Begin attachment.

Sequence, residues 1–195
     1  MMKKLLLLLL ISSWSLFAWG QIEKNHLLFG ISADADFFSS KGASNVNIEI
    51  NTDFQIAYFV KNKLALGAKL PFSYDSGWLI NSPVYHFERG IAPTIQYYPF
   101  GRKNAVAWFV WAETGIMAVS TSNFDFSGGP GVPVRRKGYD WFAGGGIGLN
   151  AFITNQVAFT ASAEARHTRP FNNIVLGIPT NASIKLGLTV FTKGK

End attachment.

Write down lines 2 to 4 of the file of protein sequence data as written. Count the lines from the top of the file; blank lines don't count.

     1  MMKKLLLLLL ISSWSLFAWG QIEKNHLLFG ISADADFFSS KGASNVNIEI
    51  NTDFQIAYFV KNKLALGAKL PFSYDSGWLI NSPVYHFERG IAPTIQYYPF
   101  GRKNAVAWFV WAETGIMAVS TSNFDFSGGP GVPVRRKGYD WFAGGGIGLN